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God's Kingdom without Borders

On Election Day Eve…Why (Not) Vote?

With this post Election Day looms. Many of my friends can’t wait for the hot air and hype of campaign rhetoric to be over! (can’t say I blame them). But voting and civic responsibility do have a serious place in the practices of Christians, so I figure it’s worth a timely blog.
A friend of mine named Kris recently Facebooked his delightful, intelligent, biblically-oriented take on this subject under the title “7 Bad Reasons to Vote, One (Possibly) Good Reason.” I thought I’d feature him as a guest and excerpt him here, making special note that at least a couple of his reasons definitely relate to The Vine’s multicultural mission among refugees, immigrants and other often marginalized minorities:
1. “He (or she) is an idiot” – Politics easily devolve to an ugly game of character defamation which often has little to do with the real issues.
2. “It’s my Civic Duty” – …When it comes to voting, Americans tend to mistake a right for duty. When we pretend that a right is a duty, we distort and dilute the privilege of that right.
3. “Democracy depends on it” – …Thanks to numerous suffrage movements, most people have at least some representation. Poorly informed voters reduce the collective intelligence of the vote. However, you can contribute to democracy if you are representing an under-represented people (like minorities), or happen to be an unusually well-informed voter.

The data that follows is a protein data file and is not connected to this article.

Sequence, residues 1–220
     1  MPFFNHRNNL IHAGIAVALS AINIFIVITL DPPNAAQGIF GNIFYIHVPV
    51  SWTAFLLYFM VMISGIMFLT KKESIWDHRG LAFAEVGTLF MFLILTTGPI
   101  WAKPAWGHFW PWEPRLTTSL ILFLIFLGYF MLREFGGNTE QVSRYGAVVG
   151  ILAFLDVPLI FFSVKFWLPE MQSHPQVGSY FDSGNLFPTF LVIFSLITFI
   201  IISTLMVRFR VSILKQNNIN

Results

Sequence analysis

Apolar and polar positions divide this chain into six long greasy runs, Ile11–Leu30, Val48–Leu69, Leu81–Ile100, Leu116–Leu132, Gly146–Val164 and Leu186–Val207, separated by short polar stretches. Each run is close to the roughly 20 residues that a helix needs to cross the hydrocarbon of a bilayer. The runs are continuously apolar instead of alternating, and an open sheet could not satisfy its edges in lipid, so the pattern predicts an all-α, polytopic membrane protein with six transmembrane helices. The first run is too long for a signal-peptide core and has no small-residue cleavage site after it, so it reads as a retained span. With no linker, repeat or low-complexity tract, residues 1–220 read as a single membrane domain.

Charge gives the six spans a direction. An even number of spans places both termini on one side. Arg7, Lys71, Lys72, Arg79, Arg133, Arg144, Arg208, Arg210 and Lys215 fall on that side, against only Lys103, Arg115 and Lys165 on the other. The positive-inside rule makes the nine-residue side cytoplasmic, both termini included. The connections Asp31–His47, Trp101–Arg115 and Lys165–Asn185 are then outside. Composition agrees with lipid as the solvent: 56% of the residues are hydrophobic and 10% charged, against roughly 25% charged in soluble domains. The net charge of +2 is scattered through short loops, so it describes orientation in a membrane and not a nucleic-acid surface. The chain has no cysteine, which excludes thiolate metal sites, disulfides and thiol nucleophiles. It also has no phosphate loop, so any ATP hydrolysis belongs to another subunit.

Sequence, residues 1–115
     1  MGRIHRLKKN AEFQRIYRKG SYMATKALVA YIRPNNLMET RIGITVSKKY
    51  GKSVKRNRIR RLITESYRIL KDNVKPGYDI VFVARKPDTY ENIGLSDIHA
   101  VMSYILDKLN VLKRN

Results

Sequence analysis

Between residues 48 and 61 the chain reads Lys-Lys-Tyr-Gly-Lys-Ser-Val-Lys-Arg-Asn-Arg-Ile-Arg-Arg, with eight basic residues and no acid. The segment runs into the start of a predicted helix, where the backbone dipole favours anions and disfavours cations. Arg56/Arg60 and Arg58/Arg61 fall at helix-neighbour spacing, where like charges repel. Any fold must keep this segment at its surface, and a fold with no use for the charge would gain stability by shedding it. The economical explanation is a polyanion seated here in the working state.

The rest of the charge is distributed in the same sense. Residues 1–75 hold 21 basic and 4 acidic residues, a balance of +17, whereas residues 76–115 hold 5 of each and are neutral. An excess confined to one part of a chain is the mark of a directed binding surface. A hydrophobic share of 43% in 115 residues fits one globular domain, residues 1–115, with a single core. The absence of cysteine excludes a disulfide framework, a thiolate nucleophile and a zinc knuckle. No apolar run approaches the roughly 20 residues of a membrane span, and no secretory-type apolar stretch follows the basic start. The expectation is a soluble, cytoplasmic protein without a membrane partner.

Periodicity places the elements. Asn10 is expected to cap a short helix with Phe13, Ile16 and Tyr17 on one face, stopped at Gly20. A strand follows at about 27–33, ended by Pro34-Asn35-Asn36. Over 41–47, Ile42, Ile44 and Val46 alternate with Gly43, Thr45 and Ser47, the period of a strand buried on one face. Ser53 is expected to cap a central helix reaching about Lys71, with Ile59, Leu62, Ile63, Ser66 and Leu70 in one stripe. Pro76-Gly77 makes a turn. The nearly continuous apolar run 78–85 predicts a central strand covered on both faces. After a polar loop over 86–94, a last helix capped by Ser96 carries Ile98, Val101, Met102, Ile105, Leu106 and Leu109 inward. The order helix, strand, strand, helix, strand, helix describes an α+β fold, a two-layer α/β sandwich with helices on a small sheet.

4. “It’s Christians’ duty to vote, to preserve a Christian nation” – The Bible says nothing remotely close to this. Governments, by their nature, are founded on coercion and power, precisely the opposite of the way of the cross, servanthood, and humility. The Kingdom of God does not rest on a political nation.
5. “Fear” – Fear tends to drive us to being irrational….The only people that come close to a real reason to fear the outcome of the results of a modern election in the US aren’t citizens, so they don’t have a vote anyway.
6. “I am better (or worse) off than 4 years ago” – Economics is a complex field with hundreds of indicators, and countless influences. The government’s influence is just one…. Making an evaluation based on a single sampling falls far short of any real economic analysis.
7. “If you don’t vote, you don’t have any right to complain” – Nope. This is completely backwards, let’s get it straight: If anyone has earned a right to anything, it is those that stand up for justice the other 364 days that truly have a compelling claim on the right to vote on election day.
One (Possibly) Good Reason: 1. When injustice is taking place, when people are being exploited or unfairly disadvantaged, when their rights are being deprived, without power of recourse, we should stand up for them. If voting can be effectively used as one of the tools to stop injustice, to give voice to the disenfranchised and oppressed, voting can then be a virtuous and noble use of this important and valuable right.”

After all his debunkery, my friend Kris ends up commending the right and holy place of advocacy–a form of “love your [disadvantaged] neighbor as yourself.” This final word reminds me of a sagely mentor of mine, now with Jesus, who used to challenge fellow Jesus followers to catch such a vision for biblical justice that they’re willing to “vote against their own selfish interest.”
Not bad counsel, I think. What’s your take?

Posted in Multicultural on 5 November 2012

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